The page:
Paying Dues and Paying Attention

There are a lot of gyms out there.  I think there are even some martial arts that market themselves as a sort of gym.  A gym is where there are weights and equipment that any member can use as long as that member puts them back.  There are even some gyms that have people to clean the used equipment so that the members don’t have to bother themselves with such a task.  The management of the gym doesn’t care how often its members come or if they are getting more or less fit as long as membership remains high and people pay their fees.  It’s probably better for them the more people they have on automatic withdrawal who don’t show up; then there is less for them to clean!

A dojo is not like this.  It is a “place of the way”.  “The way” is a path of self-development and enlightenment, and it is not bound by a specific location.  The goal is to where every moment is in the dojo.  Many people treat the dojo like a gym.  They want to come in and have idle chit-chat so they can fulfill their social interaction quota, or they want to come in and sweat and get their heart rates up so they can meet their fitness goals.  A dojo is not like this.

Dues in the dojo go to cover the overhead of the space.  The dues cover insurance, air conditioning, the cost of mats, electricity, and the rent/mortgage.  Dues go to supporting the travel and lodging of guest instructors.  They do not go to the lavish lifestyle of Sensei. Furuya Sensei slept in a recliner for the last thirteen years of his life.  He didn’t even have health insurance.  O’Sensei lived in even more meager conditions and his family suffered so that he may pursue Aikido and its development.  Dues are just paid to cover costs.

A dojo requires its members to pay dues, but it also requires them to pay attention.  If the teacher is showing something, the student should copy it exactly the way the teacher shows it.  Timing, spacing, extension, posture, balance,…everything the teacher shows should be copied so that the student may internalize the movement and learn.  The teacher does not come in willy nilly and think, “Hmm, how am I going to fill all the time we have today?”  This is a waste!  No, the teacher is trying to figure out how to get the technique to manifest itself accurately through someone else’s body.  A student of a martial art must be able to see the technique one time and be able to catch it, steal it, copy it, repeat it, and master it.  How many times did a samurai get to see his opponents’ techniques?  Once.  The opponent either died because the samurai’s technique was better (probably because he paid attention to his teacher!), or the opponent killed the samurai.  A dead samurai cannot see anyone’s technique, he is dead!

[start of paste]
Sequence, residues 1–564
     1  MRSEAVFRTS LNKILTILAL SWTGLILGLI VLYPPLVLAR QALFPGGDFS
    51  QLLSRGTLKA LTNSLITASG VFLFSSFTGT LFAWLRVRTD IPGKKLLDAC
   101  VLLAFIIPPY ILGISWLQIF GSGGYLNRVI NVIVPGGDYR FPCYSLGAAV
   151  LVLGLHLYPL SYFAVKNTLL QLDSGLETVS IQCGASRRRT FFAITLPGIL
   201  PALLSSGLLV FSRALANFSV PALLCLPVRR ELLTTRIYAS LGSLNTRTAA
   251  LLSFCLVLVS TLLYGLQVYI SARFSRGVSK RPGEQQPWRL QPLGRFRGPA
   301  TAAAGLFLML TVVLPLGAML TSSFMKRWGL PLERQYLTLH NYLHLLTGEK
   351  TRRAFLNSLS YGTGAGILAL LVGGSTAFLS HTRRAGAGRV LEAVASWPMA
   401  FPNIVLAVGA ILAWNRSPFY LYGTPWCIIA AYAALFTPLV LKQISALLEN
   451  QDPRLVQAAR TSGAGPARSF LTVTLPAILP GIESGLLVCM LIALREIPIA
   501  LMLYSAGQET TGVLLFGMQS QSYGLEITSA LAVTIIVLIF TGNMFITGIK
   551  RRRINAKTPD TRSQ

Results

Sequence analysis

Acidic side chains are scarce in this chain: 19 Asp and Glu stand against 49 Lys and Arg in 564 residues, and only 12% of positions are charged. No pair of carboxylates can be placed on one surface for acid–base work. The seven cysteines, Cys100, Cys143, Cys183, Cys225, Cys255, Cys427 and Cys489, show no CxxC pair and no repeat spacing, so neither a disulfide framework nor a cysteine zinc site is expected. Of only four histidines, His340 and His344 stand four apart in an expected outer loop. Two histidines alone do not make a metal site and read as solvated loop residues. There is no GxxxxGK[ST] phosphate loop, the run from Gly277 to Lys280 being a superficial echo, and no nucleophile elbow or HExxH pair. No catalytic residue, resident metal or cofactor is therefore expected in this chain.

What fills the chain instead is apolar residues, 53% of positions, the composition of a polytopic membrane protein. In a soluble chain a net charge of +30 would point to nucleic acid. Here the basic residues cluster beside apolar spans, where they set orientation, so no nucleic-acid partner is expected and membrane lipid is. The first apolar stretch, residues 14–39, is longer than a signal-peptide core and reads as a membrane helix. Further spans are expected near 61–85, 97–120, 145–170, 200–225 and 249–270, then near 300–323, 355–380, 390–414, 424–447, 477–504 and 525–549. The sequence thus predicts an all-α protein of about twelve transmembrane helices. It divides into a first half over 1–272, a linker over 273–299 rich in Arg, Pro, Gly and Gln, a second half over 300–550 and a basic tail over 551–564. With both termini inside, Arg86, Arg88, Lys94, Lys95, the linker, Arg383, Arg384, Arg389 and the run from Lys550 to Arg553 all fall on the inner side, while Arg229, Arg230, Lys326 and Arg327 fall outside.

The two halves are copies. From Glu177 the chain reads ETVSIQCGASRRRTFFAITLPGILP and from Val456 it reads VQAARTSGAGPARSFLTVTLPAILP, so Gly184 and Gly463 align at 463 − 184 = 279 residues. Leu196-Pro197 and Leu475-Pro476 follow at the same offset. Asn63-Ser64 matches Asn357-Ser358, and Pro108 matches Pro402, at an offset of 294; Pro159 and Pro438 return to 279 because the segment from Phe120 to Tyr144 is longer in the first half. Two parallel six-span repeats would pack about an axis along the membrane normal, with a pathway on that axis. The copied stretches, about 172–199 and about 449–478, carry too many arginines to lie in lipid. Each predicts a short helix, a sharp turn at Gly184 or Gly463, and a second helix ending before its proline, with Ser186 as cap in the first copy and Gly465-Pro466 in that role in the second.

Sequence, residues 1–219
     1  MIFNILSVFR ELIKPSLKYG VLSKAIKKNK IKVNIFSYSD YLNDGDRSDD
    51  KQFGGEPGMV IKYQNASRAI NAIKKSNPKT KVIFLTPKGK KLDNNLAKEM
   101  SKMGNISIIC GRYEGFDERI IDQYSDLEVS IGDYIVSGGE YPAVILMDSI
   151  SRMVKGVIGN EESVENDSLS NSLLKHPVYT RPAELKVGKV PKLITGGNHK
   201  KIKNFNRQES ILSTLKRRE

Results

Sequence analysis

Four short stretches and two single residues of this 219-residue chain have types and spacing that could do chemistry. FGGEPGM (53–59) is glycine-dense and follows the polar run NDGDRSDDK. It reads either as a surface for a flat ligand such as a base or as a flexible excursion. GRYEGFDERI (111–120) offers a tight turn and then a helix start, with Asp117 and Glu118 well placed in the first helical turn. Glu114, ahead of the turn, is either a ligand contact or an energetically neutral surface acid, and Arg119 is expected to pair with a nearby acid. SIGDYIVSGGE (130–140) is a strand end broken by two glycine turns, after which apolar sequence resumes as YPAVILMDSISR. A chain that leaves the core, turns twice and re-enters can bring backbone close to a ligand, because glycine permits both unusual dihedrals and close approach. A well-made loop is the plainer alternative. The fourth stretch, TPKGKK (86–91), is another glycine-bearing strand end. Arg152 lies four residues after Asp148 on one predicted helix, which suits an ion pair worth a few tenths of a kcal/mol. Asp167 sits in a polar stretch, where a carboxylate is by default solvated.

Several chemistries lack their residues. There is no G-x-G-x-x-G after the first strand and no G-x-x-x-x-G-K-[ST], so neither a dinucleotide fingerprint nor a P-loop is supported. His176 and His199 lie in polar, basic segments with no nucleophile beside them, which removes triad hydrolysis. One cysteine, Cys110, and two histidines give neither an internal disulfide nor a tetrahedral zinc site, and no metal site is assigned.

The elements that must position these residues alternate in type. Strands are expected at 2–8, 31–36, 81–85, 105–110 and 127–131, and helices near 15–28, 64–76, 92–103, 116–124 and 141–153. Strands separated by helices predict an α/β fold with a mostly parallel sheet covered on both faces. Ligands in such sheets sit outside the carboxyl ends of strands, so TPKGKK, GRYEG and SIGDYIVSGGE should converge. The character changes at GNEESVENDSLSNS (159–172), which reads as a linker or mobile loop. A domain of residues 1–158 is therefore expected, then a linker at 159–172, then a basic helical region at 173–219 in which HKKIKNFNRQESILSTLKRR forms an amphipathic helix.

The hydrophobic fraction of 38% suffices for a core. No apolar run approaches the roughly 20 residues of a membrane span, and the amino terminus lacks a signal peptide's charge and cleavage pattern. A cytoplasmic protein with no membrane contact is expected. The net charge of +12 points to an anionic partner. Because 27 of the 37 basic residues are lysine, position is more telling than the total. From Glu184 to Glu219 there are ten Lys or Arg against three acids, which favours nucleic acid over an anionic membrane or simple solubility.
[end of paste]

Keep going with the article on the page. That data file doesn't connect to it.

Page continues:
I remember Furuya Sensei scolding a few students one day because they repeatedly cut the inside of their sayas and continued to train.  He made a rhetorical comment asking them that if their lungs made that sound would they go see doctor.  He wasn’t upset about them cutting their sayas once, anyone can make a mistake, it was the repetition.  The students weren’t paying attention.  The students hung their heads and gave the abashed look, but Sensei didn’t stop there.  He pointed out another student and asked them to watch.  The students watched.  Then Sensei spoke, “Do you see how __________ uses and moves his saya?”  They nodded.  “No one taught him that.  He watched and copied.  He is paying attention to the movement.”

This is the same in Japan.  No one talks in the dojo.  The teacher demonstrates, and the students practice and try to copy.  Please, pay attention when you are training and try to copy the technique exactly as your teacher shows you.  If you don’t, you are disrespecting your teacher and dismissing what is trying to be communicated.  Instead, what is communicated is that you know better and that you don’t need the teacher.  This is very bad.  This behavior does not belong in a dojo.  I am actually not sure where that willful behavior belongs, maybe when trying to lift weights.